the female of the domestic fowl.
the female of any bird, especially of a gallinaceous bird.
Informal. an unpleasant, usually older woman, especially one considered to be a busybody or gossip.

before 1000; Middle English; Old English hen(n) (compare Old English hana cock); cognate with German Henne; akin to Latin canere to sing

henlike, adjective
hennish, adjective
Dictionary.com Unabridged
Based on the Random House Dictionary, © Random House, Inc. 2014.
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World English Dictionary
hen (hɛn)
1.  the female of any bird, esp the adult female of the domestic fowl
2.  the female of certain other animals, such as the lobster
3.  informal a woman regarded as gossipy or foolish
4.  dialect (Scot) a term of address (often affectionate), used to women and girls
5.  scarce as hen's teeth extremely rare
[Old English henn; related to Old High German henna, Old Frisian henne]

Collins English Dictionary - Complete & Unabridged 10th Edition
2009 © William Collins Sons & Co. Ltd. 1979, 1986 © HarperCollins
Publishers 1998, 2000, 2003, 2005, 2006, 2007, 2009
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Word Origin & History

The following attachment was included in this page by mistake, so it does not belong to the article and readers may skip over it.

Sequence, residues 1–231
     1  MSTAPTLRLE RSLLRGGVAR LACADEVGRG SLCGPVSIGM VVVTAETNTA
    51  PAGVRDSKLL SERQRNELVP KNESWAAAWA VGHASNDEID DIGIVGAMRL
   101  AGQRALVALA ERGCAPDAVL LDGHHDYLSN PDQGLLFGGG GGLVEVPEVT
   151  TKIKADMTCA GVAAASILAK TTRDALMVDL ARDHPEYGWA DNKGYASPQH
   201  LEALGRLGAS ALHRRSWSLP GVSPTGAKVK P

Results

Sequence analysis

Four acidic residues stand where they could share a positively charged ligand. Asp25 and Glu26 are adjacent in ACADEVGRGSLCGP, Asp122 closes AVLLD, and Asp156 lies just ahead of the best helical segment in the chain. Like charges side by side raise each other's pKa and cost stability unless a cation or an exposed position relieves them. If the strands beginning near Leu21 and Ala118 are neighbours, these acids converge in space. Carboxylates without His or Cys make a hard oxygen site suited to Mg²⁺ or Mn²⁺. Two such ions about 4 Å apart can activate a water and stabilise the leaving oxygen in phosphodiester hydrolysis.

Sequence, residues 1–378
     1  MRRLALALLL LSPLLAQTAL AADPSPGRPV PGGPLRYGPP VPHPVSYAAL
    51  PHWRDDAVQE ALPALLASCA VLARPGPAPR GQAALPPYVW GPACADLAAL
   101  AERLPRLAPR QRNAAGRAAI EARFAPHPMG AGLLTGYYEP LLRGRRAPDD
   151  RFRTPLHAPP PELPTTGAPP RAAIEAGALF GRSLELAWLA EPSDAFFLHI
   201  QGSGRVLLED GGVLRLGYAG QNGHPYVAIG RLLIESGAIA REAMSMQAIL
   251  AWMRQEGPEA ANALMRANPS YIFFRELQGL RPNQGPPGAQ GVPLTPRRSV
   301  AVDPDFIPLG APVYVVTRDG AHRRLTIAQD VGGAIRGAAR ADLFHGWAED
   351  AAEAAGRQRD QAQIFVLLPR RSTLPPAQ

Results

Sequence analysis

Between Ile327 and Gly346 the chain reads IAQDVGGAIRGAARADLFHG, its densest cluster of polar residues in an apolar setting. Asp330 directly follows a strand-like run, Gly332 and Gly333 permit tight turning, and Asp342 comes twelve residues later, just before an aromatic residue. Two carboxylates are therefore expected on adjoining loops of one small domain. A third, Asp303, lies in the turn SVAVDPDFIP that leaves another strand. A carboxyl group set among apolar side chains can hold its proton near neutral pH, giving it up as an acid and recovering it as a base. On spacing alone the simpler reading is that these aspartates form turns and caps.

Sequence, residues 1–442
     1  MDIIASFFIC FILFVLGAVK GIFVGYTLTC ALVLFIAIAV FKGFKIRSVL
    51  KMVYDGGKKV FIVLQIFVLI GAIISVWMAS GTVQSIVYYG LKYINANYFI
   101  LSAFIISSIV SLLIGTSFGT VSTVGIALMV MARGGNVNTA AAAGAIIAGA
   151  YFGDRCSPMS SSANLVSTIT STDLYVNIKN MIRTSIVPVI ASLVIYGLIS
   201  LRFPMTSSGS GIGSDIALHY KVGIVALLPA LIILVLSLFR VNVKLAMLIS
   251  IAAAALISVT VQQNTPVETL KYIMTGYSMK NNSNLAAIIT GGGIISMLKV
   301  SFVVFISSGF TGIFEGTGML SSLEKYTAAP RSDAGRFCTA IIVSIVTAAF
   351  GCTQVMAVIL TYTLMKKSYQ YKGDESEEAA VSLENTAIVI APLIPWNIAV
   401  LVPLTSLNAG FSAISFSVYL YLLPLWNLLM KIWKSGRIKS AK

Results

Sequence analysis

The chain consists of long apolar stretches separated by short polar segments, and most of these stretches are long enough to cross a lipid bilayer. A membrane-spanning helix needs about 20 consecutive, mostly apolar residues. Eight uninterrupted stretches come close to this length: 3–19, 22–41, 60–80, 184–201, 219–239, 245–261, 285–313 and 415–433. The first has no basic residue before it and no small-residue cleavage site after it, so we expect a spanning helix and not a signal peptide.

O.E. hen, from W.Gmc. *khannjo (cf. M.Du. henne, O.H.G. henna), fem. of *khan(e)ni "male fowl, cock" (cf. O.E. hana "cock"), lit. "bird who sings for sunrise," from PIE base *kan- "to sing" (see chant). The original masc. word survives in Ger. (Hahn "cock"), Swed., Dan., etc.;
extension to "female of any bird species" is early 14c. in English. Hen as slang for "woman" dates from 1620s; hence hen party "gathering of women," first recorded 1887. Henpecked is from 1680.
"The henpect Man rides behind his Wife, and lets her wear the Spurs and govern the Reins." [Samuel Butler]
Online Etymology Dictionary, © 2010 Douglas Harper
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Bible Dictionary

Hen definition

common in later times among the Jews in Palestine (Matt. 23:37; Luke 13:34). It is noticeable that this familiar bird is only mentioned in these passages in connection with our Lord's lamentation over the impenitence of Jerusalem.

Easton's 1897 Bible Dictionary
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American Heritage
Idioms & Phrases


see mad as a hornet (wet hen); scarce as hen's teeth.

The American Heritage® Dictionary of Idioms by Christine Ammer.
Copyright © 1997. Published by Houghton Mifflin.
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Example sentences for hen
Originally, the hen presumably laid one clutch, became broody, and incubated the eggs.
A woman brings a hen for the ceremony, while a man brings a rooster.
Images for hen
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